MAGISTERIAL ODDITY. (To the Editor of the Star.) SIR,- In looking over the Star of Wednesday, I observed that Messrs Rodier and Scott granted publicans' licenses to Thos. Jagger, of the Prince Regent Hotel, and James Spargo, of the Halfway House. Now, both the houses alluded to are outside the municipal boundary, and the two gentlemen named are only municipal magistrates, and consequently their jurisdiction does not extend to the houses in question. How then could they assume the power of granting the licenses alluded to? Surely Mr Rodier, who boasts of his legal knowledge, ought to be aware of this fact, especially as he is an old magistrate, and not lead the Chairman of the Council, into a nice "little difficulty," while making unfortunate publicans believe they are duly licensed, when they are not, and may be "stuck up" by the police as sly grog sellers.
Yours truly,

On Wednesday 1 March 1911, a report of hearings by the Licences Reduction Board appeared in the Ballarat Star:

The hearing examined the number of hotels in the area - The Prince Regent and (David Murphy's) All Nations Hotel locations, buildings and clientèle were described. Evidence of usage of the hotels was given by various parties.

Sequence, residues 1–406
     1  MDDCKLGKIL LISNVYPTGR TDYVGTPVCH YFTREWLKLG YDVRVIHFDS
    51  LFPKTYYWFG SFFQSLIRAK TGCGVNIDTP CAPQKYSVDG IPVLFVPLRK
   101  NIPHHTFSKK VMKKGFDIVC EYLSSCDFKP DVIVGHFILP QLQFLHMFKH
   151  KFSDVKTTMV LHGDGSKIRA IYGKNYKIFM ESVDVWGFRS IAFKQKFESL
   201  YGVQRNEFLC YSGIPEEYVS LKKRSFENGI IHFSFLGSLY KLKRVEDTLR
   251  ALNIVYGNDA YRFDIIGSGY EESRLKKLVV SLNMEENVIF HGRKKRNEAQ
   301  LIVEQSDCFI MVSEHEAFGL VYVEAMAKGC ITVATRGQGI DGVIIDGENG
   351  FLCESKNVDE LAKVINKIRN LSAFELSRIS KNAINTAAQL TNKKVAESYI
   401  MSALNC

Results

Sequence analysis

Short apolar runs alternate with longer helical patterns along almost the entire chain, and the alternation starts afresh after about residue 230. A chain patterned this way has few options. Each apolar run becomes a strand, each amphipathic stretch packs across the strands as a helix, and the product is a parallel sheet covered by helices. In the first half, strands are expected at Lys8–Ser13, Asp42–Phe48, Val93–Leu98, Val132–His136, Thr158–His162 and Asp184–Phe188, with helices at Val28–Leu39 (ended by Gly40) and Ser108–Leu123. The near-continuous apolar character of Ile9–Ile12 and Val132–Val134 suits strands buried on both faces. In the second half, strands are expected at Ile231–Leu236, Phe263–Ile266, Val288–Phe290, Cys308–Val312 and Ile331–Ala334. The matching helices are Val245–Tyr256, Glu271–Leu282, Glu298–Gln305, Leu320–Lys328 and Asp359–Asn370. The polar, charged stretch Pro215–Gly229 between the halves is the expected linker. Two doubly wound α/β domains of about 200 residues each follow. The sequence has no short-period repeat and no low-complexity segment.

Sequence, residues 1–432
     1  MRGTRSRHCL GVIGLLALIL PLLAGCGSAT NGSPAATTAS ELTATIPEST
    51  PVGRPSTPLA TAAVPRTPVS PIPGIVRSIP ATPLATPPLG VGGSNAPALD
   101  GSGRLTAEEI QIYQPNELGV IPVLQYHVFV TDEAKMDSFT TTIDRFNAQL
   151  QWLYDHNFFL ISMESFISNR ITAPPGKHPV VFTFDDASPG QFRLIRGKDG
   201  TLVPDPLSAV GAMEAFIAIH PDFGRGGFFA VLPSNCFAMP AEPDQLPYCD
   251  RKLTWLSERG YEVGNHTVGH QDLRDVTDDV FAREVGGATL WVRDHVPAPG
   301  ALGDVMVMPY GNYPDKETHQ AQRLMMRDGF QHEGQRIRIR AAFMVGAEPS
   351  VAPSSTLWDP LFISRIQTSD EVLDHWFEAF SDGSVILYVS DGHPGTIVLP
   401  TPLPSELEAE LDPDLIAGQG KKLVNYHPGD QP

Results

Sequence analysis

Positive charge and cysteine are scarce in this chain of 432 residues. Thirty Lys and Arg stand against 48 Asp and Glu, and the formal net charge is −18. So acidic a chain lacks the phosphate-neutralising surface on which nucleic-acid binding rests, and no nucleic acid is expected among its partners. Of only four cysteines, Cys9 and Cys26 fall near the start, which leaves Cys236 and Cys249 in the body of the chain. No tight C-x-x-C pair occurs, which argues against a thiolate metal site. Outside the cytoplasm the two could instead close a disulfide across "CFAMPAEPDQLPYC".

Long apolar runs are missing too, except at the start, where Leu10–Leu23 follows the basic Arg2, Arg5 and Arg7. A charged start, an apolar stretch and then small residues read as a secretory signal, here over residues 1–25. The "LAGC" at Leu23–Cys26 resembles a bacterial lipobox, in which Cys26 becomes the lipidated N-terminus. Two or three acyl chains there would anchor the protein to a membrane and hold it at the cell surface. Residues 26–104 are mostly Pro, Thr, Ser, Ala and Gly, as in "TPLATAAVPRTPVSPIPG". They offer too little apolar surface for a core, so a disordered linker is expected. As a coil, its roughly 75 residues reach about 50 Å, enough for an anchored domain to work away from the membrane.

PRINCE REGENT HOTEL. The case of the Prince Regent Hotel, in the licensing district of Ballarat East, was taken. Inspector Ryan appeared to assist the board. Mr M. Lazarus represented the licensee (Helena Evangeline Margareta Fiscalini), and Mr J. B. Pearson the owners. (Ballarat Brewing Company) Senior Constable Wallace deposed that the hotel was in Geelong road Canadian. The building was a brick one, and contained 10 rooms, four of which were bedrooms, two being for the public use. It was 300 yards from, the All Nations Hotel, and 80 chains from the Red Lion. The Halfway House Hotel was also about 80 chains away, on the south side. He considered that one hotel could do the business. To Mr Pearson—The hotel was about one mile from the Eureka Phoenix Prospecting mine, and there was a lot of auriferous land in the locality. To Mr Lazarus—The accommodation, at the Halfway House Hotel was in finitely inferior to that at the Prince Regent. He would he surprised to hear that there were 400 miners working in the locality. There was a good deal of traffic along the road. To Mr Inspector Ryan—If one of the hotels on the road were shut up there would be quite sufficient left for the public convenience. Constable Harnetty gave corroborative evidence. To Mr Lazarus - Neither the Red Lion nor the All Nations was to be compared with the Prince Regent Hotel as a building. The Chairman—Can you say whether the miners prefer their beer near where they work or where they live? Witness—l cannot say. Mr Pearson—Perhaps they like one at each place. (Laughter.) Mr Lazarus - Would you take a glass of beer near where you work?. Witness (hopefully)—l am not a teetotaller. (Loud laughter.) After Messrs Pearson and: Lazarus had addressed the board, and urged, that the hotel was desirable, evidence was called for the licensee. Helena Fiscalini, licensee of the Prince Regent Hotel, said she had a six years’ lease of the place, and there were three years still to run. She paid £325 to go into the hotel. The building was close to the Woah Hawp, New Normanby, and North Woah Hawp mines. There were about 380 men employed in these mines. She obtained this information from the manager of the Normanby. The Prince Regent Hotel was a convenience to the public, and the accommodation required by the public was provided. Clarence Stiffen, manager of the Woah Hawp Canton mine, said, the Prince Regent Hotel was about 100 yards from the mine where 62 men were now employed. William McLeish; manager of the Reward Company, said the mine in which there were 14 men employed, was close to the Prince Regent Hotel, which was a great convenience. Ten out of the 14 men working in the mine were teetotallers. Mr Lazarus—And Judkins has not been lecturing down there. (Laughter.) John Pearce, manager of the Normanby, and North Woah Hawp mines said there were 325 men employed at both mines, including those working the battery. The Prince Regent Hotel was the closest to the mines, and was a convenience. He did not think more than one hotel was required in the locality. To the Chairman—He thought that the Prince Regent hotel was nearest to the bulk of the inhabitants. The board reserved its decision.[10]